“Ni**gas in Paris FOR REAL!”- Gwyneth Paltrow pt.1
Whaddup Gumbomonster fans (re-read that an imagine an echo from here on out). Been a while since I posted up on a post because of school and my own personal projects but I’m here now and that’s all that counts (end echo).
Gwyneth “Gwynnie-Gwen-Gwen” Paltrow is feeling the napolm heat for tweeting the words “Ni**as in Paris for real @mrteriusnash (the dream) tyty, beehigh.”
Now if you don’t know, Gwennie is like Beyonce’s right hand, right next to Kelly “We be rolling” Rowland. Billy Johnson Jr., the author of the yahoo.com article I read feels “as an African American person, I agree that Paltrow’s use of the N-word was inappropriate.” As a reader, I hesitated to agree with him but after reading the tweet over and over again, I started to agree. In my mind, she has 3 facts that are in her favor and 1 fact that goes against her.
One of the facts she stated herself in her own defense, “Hold up. It’s the title of the song!” This is true. Even a search of Watch the Throne on itunes shows that the spelling is “Ni**as in Paris.” The second fact in her favor is tied to the first one but it’s the fact that she knew enough not to tweet “Ni**as in Paris” without the two asterisks. Tweeting without the two asterisks would have been less considerate, more controversial, set a standard because of her fame, and less thought out on her part.
The fact that goes against her is that she said, “Ni**as in Paris for real…” The words, “for real” are what made me side with the author’s opinion that the tweet was inappropriate. I interpreted the “for real” as a negative thing because a part of me assumed a negative intention behind her use. I imagined her in the crowd, looking up at Jay Z and Kanye and thinking of them as ni**ers, not ni**gas. Though she spelled it n-i-g-g-a, seeing Gwyneth, a white actress as far as I know, making a comment that I assumed was about Jay Z and Kanye, made me jump to thinking the comment was negative in some way.
After reading the comments and seeing the opinions of mostly white yahoo users, I decided I had to write a Gumbo post and point out the deeper issues behind many of the “thumbed-up” posts (DISCUSSED IN PART2). While preparing to write the post, I took a screenshot of the picture that came with her tweet.
Thanks to the enlarged picture on whosay.com, the 3rd fact that’s in her favor is that Gwyneth Paltrow is actually in the picture as well! She is not in the crowd looking up, she’s on the stage looking down! To me, that made the biggest difference. First, there is the the literal meaning of “Ni**as in Paris for real.” She’s on stage, really in France and really at the concert, not just singing the song in her apartment somewhere in America. Secondly, there’s the interpretative meaning of “for real” which now can be seen positively because in a way, she’s calling herself a ni**a along with Jay Z , Kanye and the whole crowd. This interpretation can almost be as controversial as the tweet itself but I would have less of an issue with her calling herself a ni**a vs. her just calling Jay Z and Kanye ni**as as she stands in the crowd.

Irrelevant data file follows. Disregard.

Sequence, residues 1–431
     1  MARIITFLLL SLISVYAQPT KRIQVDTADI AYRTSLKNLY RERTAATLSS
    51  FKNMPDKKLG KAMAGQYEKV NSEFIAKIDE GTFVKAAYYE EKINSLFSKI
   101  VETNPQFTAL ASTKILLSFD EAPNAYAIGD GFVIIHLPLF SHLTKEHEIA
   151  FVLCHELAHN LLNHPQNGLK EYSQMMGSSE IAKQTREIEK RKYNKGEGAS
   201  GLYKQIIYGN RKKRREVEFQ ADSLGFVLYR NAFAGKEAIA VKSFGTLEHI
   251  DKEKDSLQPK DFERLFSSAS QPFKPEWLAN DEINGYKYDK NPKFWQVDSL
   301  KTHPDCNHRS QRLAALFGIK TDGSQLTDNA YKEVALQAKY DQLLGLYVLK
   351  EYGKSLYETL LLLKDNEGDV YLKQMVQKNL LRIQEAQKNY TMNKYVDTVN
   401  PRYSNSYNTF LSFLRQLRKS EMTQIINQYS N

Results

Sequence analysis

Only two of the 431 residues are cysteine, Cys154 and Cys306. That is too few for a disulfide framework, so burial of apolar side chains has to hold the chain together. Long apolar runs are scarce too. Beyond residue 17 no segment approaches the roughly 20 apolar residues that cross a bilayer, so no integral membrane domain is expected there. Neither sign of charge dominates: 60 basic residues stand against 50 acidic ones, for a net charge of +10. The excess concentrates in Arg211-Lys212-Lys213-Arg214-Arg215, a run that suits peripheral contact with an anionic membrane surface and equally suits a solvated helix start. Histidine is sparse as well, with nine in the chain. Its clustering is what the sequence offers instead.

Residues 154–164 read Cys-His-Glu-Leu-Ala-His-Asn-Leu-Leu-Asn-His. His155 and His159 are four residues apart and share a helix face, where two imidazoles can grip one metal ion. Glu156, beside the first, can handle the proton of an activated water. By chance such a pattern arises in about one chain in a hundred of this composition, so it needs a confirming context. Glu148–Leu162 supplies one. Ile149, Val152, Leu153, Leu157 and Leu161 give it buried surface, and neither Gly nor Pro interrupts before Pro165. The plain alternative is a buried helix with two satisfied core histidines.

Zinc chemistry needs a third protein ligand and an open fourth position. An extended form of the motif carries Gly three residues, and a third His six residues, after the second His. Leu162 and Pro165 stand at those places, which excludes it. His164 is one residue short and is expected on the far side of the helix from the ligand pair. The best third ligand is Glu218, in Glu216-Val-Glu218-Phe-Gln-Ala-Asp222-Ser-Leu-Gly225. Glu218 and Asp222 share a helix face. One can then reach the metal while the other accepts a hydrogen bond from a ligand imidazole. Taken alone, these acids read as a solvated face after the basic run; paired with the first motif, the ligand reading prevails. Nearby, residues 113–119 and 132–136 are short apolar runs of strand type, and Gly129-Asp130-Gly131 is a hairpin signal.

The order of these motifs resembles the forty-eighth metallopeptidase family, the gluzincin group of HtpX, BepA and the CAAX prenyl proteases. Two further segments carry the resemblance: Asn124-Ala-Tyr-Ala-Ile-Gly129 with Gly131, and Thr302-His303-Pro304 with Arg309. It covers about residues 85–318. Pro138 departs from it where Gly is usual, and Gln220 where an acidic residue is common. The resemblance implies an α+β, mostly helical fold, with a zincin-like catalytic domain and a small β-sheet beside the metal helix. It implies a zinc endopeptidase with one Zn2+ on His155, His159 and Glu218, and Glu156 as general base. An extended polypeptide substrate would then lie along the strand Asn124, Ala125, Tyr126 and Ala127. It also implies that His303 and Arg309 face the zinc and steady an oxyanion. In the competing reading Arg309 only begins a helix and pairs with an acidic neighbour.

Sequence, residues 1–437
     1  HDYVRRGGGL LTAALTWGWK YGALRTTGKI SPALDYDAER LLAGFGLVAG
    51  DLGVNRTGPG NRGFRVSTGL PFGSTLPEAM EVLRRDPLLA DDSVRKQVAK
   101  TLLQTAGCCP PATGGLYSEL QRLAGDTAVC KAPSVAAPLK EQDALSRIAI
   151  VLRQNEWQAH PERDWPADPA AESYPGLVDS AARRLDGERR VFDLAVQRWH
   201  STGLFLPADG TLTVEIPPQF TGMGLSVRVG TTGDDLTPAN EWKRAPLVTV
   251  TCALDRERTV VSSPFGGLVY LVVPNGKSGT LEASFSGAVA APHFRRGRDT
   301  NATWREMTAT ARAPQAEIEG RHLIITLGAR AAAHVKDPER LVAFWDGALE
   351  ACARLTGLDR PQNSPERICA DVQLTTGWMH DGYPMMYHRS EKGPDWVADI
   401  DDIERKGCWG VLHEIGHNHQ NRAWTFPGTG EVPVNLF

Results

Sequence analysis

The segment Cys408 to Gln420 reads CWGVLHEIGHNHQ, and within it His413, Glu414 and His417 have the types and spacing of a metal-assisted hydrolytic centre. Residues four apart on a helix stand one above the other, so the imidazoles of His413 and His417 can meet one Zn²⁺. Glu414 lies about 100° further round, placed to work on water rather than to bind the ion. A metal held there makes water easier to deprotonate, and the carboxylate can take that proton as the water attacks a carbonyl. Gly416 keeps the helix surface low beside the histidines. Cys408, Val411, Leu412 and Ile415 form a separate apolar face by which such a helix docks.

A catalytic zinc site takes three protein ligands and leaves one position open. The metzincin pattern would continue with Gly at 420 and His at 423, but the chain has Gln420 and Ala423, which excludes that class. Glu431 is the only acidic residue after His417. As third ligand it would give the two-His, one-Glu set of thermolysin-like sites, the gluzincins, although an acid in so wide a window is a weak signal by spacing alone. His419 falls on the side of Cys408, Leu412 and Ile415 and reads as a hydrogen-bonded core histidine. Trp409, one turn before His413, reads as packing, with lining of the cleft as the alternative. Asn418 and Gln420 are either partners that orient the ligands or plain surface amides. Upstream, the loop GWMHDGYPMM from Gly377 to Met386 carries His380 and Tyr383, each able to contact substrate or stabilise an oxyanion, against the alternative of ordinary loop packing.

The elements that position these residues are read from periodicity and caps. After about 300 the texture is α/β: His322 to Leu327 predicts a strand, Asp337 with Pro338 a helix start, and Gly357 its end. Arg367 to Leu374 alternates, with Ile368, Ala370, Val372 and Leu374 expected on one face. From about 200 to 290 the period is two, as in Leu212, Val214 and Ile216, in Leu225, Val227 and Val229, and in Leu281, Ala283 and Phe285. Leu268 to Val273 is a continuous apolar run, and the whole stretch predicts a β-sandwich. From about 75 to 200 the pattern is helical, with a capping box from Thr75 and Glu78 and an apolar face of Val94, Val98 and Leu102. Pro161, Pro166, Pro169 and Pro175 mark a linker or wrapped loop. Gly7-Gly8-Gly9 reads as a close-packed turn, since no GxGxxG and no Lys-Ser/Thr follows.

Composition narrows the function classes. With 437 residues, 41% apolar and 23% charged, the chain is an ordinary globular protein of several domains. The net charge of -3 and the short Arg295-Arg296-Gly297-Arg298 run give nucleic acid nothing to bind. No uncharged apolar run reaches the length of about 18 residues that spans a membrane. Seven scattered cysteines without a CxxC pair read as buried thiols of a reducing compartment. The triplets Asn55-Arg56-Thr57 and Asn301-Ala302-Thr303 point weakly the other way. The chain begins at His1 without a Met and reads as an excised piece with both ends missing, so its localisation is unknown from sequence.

Imagine if she said, “
My ni**as in Paris.”
lol, that would’ve been wild. Here’s the closing words of the author from the article.
“Based on Paltrow’s stage photo, she was likely caught up in the “N-ggas In Paris” moment, especially since the show was taking place in France.
But Paltrow isn’t the only person confused about the etiquette for using the N-word. There’s one simple rule. If you are not African American there is no instance for using the word that is not going to be taken offensively. It doesn’t matter if you’re friends with the most prominent African Africans on the planet, Jay-Z, Beyonce, Oprah or President Obama. Don’t. Use. The. Word.”
Even though I’ve used asterisks in typing the word, is there a true difference in typing niggas vs. ni**as vs. the N-word? Of course we know there is, but it’s interesting to see how black people and people in general have reacted even with the use of asterisks. Is it the use of the word itself or is it the interpretation into the context? Maybe it’s the controversy of the word and it’s origin altogether. I think there’s more.
Part2 is already written and will be fresh out the oven by tomorrow morning. Part 2 is much heavier and more analytical into the history of the word “nigger,” the etiquette in using the word “nigga” and the reason why many whites feel, “If they can’t use it then neither should we.” See ya tomorrow. T-i-zz-oh!!